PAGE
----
Posted on: Aug 2, 2019
What are Medicaid’s Gifting Rules?
Under Medicaid law, if you gift assets within five years before applying for Long-Term Care benefits, you will be ineligible for a period of time (called a transfer penalty), depending on how much you give away. While federal tax law allows individuals to gift up to $15,000 a year (in 2019) without having to report the gift, Medicaid law penalizes the gift.
Any transfer you make, however innocent, will come under scrutiny and is presumed to be for purposes of qualifying for Medicaid benefits. For example, Medicaid does not have an exception for gifts to charities. If you give money to a charity, it could affect your Medicaid eligibility down the road, especially if it is a large gift. Similarly, gifts for holidays, weddings, birthdays, and graduations could all cause a transfer penalty. If you buy something for a friend or relative, this could also result in a transfer penalty.
Be cautious! Spending a lot of cash all at once will cause the state to request documentation showing how the money was spent. If you don’t have documentation proving that you received fair market value in return for a transferred asset, you could be subject to a transfer penalty.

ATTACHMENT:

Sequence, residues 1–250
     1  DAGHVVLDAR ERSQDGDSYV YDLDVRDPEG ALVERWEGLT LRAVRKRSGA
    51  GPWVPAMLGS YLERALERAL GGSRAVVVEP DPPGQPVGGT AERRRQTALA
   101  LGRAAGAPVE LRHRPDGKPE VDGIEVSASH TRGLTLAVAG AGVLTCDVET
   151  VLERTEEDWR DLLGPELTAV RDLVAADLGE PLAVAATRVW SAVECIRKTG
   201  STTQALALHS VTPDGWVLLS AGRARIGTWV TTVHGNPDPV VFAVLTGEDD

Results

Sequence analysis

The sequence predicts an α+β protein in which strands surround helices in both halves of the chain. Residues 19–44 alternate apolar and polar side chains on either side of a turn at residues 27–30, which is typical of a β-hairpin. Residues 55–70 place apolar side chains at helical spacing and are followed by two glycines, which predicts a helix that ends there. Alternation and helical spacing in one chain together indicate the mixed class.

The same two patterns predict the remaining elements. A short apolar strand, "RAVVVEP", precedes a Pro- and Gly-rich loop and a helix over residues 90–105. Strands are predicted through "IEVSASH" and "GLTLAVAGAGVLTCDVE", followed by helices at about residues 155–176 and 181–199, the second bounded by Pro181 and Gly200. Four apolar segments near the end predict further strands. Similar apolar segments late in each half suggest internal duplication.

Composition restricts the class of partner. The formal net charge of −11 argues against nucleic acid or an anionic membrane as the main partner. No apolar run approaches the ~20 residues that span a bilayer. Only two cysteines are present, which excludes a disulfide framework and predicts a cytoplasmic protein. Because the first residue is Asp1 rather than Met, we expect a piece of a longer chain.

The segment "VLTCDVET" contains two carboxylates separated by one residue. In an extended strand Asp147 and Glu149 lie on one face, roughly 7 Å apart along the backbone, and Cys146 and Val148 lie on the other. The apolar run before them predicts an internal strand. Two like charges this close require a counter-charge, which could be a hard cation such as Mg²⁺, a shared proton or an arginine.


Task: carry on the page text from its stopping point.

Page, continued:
What are the Exemptions from the Gifting Rule?
Any transfers beyond five years are ignored by the state. This is known as the “five-year look-back rule.” However, some transfers within five years are allowed! You may transfer any asset without having to wait out a period of Medicaid ineligibility to:
- Your child who is disabled under Social Security’s definition
- A trust for the sole benefit of anyone under age 65 who is disabled
In addition, you may transfer your home to the following individuals (as well as to those listed above):
- Your child who is under age 21
- Your caregiver child who lived in your home for at least two years providing care that allowed you to stay at home during that time
- A sibling who has an equity interest in the house for at least a year
Before giving away assets, check with a qualified Medicaid Planning Elder Law attorney to ensure that gifts won’t interfere with your Medicaid eligibility.